Wandering China

An East/West pulse of China's fourth rise from down under.

Wandering China Day 10: Reflections on the way back

On board a flight back to Australia from Hong Kong –  In the June 29, 2011 copy of the South China Morning Post (a seemingly pro-Beijing Hong Kong English language newspaper with a run of 104,000), three articles caught my eye besides the 3-4 pages dedicated to the 90th anniversary of the Communist party.

China eyes Canada’s Oil Sands
Associated Press | Calgary

 Canada becomes a resource chess piece between the U.S. and China. Canada’s oil sands, seen as ‘dirty oil’ by environmentalists is the centre piece. Alberta holds the world’s third largest oil reserves, standing at 170 billion barrels, this means it has more oil than Russia or Iran. Whilst American environmentalists might scorn at the idea of oil that increases greenhouse emissions, China seems to have no such current major concern. Canada’s only major oil export market is the US, and China is waiting in the wings to pounce should green concerns prevents the Americans from having first option to these expansive resources. As it is, China intends to invest heavily in Canada, with a USD$300 billion sovereign wealth fund being parked in Toronto for its first overseas office.

China among headaches for G20 grain database
Reuters | Paris

 A global initiative to take stock of global grains seems set to face transparency issues as large countries such as China, India and Russia might be adverse towards revealing politically sensitive food policy from market forces. Additionally, the challenge of surveying geographically extensive territories compound the problem.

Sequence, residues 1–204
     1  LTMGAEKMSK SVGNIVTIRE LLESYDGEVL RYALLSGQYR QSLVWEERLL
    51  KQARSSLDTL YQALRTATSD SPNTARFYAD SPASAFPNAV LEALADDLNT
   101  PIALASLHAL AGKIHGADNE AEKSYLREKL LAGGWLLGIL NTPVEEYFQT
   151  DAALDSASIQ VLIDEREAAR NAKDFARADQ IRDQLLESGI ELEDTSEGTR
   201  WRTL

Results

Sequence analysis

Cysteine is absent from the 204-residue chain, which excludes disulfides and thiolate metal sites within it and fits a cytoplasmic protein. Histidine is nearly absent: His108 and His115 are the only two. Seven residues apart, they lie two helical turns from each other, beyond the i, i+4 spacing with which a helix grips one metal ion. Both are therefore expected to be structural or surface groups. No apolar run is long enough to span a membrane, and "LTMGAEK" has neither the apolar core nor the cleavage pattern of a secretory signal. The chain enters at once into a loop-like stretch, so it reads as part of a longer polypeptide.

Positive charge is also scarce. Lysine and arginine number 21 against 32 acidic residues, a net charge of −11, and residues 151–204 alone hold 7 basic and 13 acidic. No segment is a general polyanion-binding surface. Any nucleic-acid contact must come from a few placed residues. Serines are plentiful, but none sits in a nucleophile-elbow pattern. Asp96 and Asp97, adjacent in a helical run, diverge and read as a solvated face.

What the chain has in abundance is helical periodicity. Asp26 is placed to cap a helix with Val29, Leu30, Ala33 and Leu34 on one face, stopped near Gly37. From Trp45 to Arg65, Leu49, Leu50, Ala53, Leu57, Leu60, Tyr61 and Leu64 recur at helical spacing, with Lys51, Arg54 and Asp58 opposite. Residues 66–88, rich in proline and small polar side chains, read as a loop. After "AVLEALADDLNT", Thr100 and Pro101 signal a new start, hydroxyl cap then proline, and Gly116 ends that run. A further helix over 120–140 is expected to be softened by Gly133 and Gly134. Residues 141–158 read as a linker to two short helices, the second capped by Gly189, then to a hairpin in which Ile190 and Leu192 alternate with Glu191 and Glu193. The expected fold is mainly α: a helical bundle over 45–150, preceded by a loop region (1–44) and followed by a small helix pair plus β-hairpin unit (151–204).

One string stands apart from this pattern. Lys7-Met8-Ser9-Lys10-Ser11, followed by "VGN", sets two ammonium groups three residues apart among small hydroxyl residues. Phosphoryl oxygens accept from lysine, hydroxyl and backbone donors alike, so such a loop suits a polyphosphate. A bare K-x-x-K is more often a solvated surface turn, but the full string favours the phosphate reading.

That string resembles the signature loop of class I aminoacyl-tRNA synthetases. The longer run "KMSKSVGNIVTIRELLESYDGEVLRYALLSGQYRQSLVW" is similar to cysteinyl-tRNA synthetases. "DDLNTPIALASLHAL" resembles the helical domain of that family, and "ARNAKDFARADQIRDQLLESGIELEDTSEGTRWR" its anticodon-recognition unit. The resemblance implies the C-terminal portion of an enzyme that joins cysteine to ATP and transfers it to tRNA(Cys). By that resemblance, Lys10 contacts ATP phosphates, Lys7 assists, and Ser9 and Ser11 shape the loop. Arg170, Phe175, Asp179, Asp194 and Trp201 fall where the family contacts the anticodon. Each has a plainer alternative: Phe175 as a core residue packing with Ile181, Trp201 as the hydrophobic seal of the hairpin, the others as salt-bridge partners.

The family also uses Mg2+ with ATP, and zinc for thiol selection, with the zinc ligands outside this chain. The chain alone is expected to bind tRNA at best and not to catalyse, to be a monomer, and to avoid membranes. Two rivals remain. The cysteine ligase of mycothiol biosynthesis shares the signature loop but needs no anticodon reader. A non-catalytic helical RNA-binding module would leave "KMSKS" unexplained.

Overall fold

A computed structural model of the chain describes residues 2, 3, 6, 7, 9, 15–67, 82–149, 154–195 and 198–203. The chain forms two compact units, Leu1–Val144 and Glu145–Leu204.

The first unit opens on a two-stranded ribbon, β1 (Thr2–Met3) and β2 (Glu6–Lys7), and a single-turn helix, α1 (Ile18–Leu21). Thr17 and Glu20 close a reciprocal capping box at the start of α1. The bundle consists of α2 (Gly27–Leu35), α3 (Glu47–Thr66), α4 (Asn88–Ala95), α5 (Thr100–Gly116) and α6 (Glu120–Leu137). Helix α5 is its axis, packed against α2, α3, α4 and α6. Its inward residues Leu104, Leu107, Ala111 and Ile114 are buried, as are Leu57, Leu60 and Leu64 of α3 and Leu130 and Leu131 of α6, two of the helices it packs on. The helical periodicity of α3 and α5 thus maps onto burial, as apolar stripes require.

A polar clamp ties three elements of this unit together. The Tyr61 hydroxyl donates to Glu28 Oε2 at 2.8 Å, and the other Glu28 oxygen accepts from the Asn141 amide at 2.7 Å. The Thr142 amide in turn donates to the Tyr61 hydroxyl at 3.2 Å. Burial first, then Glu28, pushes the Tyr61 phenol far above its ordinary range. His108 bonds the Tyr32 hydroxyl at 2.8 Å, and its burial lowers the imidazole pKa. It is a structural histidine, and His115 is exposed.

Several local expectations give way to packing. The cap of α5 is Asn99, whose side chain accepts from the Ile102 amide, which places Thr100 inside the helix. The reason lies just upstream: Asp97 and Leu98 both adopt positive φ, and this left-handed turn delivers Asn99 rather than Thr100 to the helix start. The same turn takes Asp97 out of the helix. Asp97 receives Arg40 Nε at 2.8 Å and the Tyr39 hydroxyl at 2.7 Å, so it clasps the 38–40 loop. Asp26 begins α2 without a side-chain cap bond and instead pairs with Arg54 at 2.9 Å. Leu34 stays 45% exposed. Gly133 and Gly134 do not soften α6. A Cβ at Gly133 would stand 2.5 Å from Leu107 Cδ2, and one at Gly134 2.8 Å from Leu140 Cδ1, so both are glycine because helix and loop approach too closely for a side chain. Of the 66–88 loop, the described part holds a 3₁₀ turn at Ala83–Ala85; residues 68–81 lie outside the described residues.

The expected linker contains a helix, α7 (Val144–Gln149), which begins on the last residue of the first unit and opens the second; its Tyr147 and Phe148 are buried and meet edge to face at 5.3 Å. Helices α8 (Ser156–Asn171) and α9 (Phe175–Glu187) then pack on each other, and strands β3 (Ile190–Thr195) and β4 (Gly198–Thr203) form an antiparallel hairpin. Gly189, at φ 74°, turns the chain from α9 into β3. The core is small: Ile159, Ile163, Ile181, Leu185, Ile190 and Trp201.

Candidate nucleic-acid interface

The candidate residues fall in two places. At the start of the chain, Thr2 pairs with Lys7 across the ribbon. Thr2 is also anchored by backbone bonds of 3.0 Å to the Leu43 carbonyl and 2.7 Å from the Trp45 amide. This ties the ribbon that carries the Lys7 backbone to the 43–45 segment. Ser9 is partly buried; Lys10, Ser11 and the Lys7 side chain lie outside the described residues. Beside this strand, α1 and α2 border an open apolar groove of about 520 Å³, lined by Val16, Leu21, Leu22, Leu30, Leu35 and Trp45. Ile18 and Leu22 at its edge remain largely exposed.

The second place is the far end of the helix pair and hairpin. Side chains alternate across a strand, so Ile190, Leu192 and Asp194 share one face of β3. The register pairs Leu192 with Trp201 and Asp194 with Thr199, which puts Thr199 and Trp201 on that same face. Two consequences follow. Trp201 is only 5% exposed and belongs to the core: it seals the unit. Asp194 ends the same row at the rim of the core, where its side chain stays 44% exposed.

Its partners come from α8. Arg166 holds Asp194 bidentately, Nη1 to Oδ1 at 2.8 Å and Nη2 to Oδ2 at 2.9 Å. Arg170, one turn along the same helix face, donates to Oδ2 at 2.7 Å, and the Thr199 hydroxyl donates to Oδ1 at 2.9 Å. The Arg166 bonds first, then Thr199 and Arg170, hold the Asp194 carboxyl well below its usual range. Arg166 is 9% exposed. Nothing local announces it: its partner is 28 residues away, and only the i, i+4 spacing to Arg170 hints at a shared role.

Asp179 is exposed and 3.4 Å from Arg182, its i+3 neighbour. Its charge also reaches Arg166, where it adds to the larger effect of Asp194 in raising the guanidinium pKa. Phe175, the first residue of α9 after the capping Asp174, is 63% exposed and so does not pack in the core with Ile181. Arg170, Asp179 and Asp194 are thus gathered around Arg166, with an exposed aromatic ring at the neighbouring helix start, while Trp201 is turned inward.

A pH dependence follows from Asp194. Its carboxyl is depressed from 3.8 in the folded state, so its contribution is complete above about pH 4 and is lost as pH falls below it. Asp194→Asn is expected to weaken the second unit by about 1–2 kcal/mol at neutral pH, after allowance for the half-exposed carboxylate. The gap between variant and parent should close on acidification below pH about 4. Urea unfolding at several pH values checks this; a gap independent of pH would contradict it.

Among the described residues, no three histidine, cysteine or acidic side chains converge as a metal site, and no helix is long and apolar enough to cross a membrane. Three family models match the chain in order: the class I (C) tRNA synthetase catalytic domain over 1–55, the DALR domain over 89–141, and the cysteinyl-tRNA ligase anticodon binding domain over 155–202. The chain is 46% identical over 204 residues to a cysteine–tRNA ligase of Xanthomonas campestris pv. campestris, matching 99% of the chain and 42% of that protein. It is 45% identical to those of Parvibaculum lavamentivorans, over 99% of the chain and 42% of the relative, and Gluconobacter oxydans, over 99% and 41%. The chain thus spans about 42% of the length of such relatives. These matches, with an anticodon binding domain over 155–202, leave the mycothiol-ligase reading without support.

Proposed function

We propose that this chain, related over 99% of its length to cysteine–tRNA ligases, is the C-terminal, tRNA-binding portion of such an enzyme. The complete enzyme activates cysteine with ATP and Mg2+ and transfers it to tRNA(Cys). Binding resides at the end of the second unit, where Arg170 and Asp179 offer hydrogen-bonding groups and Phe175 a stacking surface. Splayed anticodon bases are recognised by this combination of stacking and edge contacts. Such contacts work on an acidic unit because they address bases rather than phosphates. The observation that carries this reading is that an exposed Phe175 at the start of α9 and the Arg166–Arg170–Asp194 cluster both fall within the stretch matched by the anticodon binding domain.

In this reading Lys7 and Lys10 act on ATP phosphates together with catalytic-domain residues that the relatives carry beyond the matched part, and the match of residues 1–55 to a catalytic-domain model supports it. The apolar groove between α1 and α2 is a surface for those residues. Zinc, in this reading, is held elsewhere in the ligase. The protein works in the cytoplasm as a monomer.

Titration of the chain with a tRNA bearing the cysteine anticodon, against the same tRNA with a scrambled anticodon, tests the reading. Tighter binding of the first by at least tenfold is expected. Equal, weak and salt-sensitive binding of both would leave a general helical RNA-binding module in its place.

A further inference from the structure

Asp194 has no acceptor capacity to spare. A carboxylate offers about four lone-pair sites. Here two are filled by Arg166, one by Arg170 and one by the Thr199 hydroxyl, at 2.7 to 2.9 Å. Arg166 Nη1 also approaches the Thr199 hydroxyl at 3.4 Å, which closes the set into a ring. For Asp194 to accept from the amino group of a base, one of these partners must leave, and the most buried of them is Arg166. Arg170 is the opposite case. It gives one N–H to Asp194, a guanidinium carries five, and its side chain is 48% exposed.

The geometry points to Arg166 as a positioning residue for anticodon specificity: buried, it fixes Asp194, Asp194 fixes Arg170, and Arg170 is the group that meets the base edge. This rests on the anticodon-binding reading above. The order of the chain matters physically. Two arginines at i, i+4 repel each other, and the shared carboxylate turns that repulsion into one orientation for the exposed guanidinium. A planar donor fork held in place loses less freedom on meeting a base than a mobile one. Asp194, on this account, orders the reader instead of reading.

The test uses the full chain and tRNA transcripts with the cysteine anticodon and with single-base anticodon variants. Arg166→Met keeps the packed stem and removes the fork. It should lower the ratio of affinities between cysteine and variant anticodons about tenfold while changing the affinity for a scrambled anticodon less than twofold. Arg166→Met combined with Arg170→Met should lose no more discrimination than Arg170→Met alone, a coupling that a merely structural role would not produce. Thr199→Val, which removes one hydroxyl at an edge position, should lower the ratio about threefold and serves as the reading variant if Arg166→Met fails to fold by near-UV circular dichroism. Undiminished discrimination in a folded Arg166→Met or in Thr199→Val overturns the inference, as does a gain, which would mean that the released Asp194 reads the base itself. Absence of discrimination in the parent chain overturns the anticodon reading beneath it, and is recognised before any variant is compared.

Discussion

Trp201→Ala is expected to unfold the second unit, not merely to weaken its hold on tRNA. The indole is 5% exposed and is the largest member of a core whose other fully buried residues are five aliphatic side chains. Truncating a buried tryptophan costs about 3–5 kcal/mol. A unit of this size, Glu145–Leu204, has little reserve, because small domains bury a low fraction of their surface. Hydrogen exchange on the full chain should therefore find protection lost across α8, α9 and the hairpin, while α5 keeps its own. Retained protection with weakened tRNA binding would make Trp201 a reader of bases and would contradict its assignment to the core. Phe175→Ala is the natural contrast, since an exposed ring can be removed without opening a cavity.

And most significantly,

 Six Decades of Suspicion Finally Over
Lawrence Chung | Taipei

‘Advocators of the notion that Taiwan and China have serious military concerns can sit back, relax and take a chill pill when using cross-strait relations as a reason to impose military and strategic self-interests. A programme to allow 170,000 individual mainland tourists marks a tangible and non-rhetoric start toward mending fences between the two Chinas. Mainland visitors have been allowed to visit the island in large groups since 2008 when Taiwan leader Ma Ying-Jeou, of the increasingly mainland friendly former-foe, the Kuo Ming Tang adopted a policy of engagement with Beijing.  Close to 300 mainland individual visitors arrived in Taiwan on the 28 June 2011 marking the first time in 60 years since the KMT ‘lost’ the civil war to the communists that mainlanders were allowed to make visits individually or in small groups. Of note was one visitor who touchingly and perhaps quite representative of how the civil war tore apart many families – arrived to bring back the ashes of her late father back to Beijing for burial. I am sure it’s more than meets the eye though – from further reports I understand that movement of these visitors are regulated although there are anecdotal accounts of mainland visitors opting to stay in their hotel rooms to tune into uncensored Taiwanese news programs that have a habit of being rather critical of the communist cousins.


Filed under: Beijing Consensus, Bob's Opinion, Canada, Charm Offensive, Chinese Model, Democracy, Economics, Environment, History, Human Rights, Influence, International Relations, Politics, Resources, Social, Soft Power, Strategy, Taiwan, Territorial Disputes, The Chinese Identity, The construction of Chinese and Non-Chinese identities

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